Fred
sympathy for the devil

How the buggery can the Unions be thought to play a "defensive" role for workers when in fact they spend all their time, and are fully employed, playing a defensive role for capitalism completely against the interests of all workers everywhere and all over the planet? 

 

I am puzzled why some comrades, not just on this forum but on libcom too,  are so anxious to express some kind of sympathy for the unions.  Like: "Oh! They maybe against us but really they mean well." Or: "Yes we'll have to get rid of them tomorrow. But in the meantime they're doing their best for us in difficult circumstances."  Its rather like praising the lousy doctor who's actually poisoning you while pretending to ease the pain, on the grounds that he doesn't know any better, but'll improve tomorrow if you can survive that long. I can only suppose that this extremely misplaced sympathy for the Unions is a legacy of the past.  But my god they went over to the bourgeoisie a century ago!  When will we learn? When will we see through them?  

The weight of bourgeois ideology boggles many minds said Hawkeye, and he's right in this.   So is it possible to agree intellectually  that the Unions, including nice union leaders like Mr. Crow, are "against the class" as an ICC pamphlet says, but go on thinking that actually they're really all right and are doing their best?  

 

Even LBird writes that to argue that the union role is entirely for capital is unsophisticated because the unions  have brought  about some defensive gains for some workers!  How naive can you be?  This is nothing more than a covert apology for the extremely secretive and corrosive role the unions play in perpetuating the ideology that the  bartering process  between wage labour and capital is something eternal, not to be challenged and the way god intended  things to be. And anyway there's no alternative, they implicitly assert.   The Unions, by their very existence as bargainers and middle men, disseminate the notion that the working class is incapable of building any alternative to the system we've got because the working  class is feeble minded, uneducated and needs strong leadership. 

 

Everything the Unions do is entirely for and in the interests of the capitalist system. No workers benefit today from Union activities, even those who get a rise. Nothing that serves to prolong the life, or shall  I say slow death, of the appalling system of human misery and enslavement which the Unions so assiduously defend on a daily basis, should be given any support whatsoever. Not even critical support. 

 

 

 

baboon
unions

I agree with the unsophisticated post above clearly denouncing the unions as an integral  part of capital, that exist solely for the interests of capital. The unions were defensive organs of the working class over a hundred years ago but were completely integrated into capitalism with their support for nationalism and imperialist war - and this wasn't just paper support but real, on the ground, dragooning and millitarisation of he workers effected by the unions themselves over two world wars. There were some small anarcho-syndicalist union elements that maintained an internationalist position but these were few and far between as all the major unions across the globe signed up for the national interest. The unions went over to the bourgeoisie lock, stock and barrel along with the reformist parties of the working class.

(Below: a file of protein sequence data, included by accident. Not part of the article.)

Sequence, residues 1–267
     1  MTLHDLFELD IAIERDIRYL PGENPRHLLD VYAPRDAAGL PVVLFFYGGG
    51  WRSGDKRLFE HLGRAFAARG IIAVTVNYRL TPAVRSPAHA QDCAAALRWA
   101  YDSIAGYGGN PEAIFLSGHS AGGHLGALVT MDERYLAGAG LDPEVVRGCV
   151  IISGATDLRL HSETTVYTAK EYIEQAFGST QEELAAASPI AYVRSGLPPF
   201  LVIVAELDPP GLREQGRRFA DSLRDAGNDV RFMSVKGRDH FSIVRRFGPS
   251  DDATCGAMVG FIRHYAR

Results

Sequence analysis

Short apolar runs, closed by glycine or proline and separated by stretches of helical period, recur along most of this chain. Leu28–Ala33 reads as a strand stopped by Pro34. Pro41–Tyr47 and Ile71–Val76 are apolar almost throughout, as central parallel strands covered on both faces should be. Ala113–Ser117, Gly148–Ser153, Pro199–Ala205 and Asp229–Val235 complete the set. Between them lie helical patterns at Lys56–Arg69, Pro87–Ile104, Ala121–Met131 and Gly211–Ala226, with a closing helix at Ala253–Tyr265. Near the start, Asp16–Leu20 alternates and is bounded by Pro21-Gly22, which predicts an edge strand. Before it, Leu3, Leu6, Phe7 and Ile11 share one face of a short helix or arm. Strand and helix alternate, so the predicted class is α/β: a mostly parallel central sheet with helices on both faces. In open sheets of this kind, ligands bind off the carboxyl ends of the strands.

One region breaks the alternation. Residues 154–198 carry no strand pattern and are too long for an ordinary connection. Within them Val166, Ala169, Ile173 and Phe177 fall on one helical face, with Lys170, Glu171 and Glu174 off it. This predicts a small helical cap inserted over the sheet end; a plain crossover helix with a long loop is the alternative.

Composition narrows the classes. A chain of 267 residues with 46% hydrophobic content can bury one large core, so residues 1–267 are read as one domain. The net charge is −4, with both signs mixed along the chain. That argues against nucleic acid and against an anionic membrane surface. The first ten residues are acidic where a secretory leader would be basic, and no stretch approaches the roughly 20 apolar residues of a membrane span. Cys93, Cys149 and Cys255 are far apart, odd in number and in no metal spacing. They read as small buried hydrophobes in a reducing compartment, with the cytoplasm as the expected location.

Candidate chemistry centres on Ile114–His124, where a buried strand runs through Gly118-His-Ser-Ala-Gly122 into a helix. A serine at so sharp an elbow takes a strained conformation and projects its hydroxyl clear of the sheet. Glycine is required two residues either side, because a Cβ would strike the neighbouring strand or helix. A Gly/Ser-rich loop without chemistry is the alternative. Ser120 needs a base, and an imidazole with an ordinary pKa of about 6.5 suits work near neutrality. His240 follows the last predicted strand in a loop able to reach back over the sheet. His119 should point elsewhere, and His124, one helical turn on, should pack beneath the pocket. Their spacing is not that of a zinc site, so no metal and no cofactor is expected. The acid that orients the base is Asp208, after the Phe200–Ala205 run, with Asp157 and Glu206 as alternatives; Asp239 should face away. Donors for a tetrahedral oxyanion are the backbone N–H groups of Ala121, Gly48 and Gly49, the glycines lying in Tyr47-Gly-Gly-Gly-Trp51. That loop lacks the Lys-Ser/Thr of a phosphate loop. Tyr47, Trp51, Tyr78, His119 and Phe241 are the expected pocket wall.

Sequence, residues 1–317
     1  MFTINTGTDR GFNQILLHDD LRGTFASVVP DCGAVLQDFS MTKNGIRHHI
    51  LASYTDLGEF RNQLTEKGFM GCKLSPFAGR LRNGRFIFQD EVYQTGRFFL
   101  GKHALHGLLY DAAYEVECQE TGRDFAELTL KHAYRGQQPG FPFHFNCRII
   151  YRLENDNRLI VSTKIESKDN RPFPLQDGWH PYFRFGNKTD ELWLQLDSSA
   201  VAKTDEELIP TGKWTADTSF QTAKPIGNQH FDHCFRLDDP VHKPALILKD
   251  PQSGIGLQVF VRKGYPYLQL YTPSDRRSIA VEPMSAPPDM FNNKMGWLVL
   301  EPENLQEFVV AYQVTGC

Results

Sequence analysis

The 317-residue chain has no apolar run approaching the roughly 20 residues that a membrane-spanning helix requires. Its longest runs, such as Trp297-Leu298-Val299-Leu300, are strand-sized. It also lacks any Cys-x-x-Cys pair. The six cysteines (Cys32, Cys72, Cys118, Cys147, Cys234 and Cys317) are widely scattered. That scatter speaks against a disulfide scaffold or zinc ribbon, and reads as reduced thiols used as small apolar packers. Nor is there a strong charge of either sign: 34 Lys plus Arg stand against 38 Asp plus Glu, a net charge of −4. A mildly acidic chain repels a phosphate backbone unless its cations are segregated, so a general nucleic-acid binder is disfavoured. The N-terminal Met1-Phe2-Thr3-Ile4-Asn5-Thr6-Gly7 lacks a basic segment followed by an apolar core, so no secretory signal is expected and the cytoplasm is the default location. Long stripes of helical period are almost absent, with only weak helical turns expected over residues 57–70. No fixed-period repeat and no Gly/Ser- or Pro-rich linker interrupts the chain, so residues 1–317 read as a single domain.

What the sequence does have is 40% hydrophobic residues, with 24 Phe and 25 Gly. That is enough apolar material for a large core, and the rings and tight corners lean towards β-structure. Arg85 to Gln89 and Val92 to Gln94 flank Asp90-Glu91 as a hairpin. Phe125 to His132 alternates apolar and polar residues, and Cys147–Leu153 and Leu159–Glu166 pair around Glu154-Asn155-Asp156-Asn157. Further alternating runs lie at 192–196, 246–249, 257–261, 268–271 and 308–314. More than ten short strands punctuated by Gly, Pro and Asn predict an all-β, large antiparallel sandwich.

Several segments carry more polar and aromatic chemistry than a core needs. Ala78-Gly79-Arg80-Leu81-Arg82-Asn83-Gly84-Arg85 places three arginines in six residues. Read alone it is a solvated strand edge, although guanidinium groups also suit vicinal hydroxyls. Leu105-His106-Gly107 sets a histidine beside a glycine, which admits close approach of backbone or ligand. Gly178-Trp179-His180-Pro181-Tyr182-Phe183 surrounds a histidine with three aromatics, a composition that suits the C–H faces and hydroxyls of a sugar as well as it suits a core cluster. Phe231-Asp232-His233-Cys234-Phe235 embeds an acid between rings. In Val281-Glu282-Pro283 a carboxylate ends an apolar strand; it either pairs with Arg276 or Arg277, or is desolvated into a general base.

The union question, and along with it the reformism that it's tied to, has a great weight on the working class which is why it's necessary to be clear on the issue particularly if you are trying to defend a communist perspective - and a communist perspective is wholly incomplete without a clear denunciation of the trade unions and the role that they play for capital. Revolutionary elements can be somewhat flummoxed by how to approach the union question with, for example, the way the CWO used to describe the unions as "negotiators" with the clear implication that these were neutral bodies outside the class struggle (this "third way" is also inherent in the idea that these structures are "defensive"). While the CWO/ICT has dropped this ambiguous description of the unions it is rife among the anarcho-libertarians on libcom who just cannot give up on the unions because, among other things, that's where the workers are. And this fixation on the present and  past is a betrayal of the future of class struggle.

The article "The bourgeoisie tells the working class that it doesn't exist" is just one good example of the role that the trade unions are playing today for capital.

radicalchains
Idev on Ian Bone's blog comments

As another leftist mourns the death of comrade Bob, Idev comments:

 AND HIS UNION SUPPORTED THE BANKERS,ARMS INDUSTRY, OIL INDUSTRY AND ENERGY COMPANIES AND TAX AVIODERS

The RMT holds shares currently worth £365,000 in HSBC; £131,000 in Barclays; £606,000 in Lloyds TSB Group; and £43,000 in RBS, the former employer of Fred ‘the shred’ Goodwin.
The union has invested in a range of City investment funds, including Blackrock (£105,000), Kames Capital (£202,000) and Threadneedle Investments (£79,000).